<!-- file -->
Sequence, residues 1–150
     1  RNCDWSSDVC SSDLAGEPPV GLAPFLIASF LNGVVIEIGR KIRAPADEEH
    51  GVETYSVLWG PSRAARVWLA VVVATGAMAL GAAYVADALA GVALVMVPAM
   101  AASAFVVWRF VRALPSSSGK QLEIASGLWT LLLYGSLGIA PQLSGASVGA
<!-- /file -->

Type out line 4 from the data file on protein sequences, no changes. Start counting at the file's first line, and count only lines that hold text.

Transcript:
   101  AASAFVVWRF VRALPSSSGK QLEIASGLWT LLLYGSLGIA PQLSGASVGA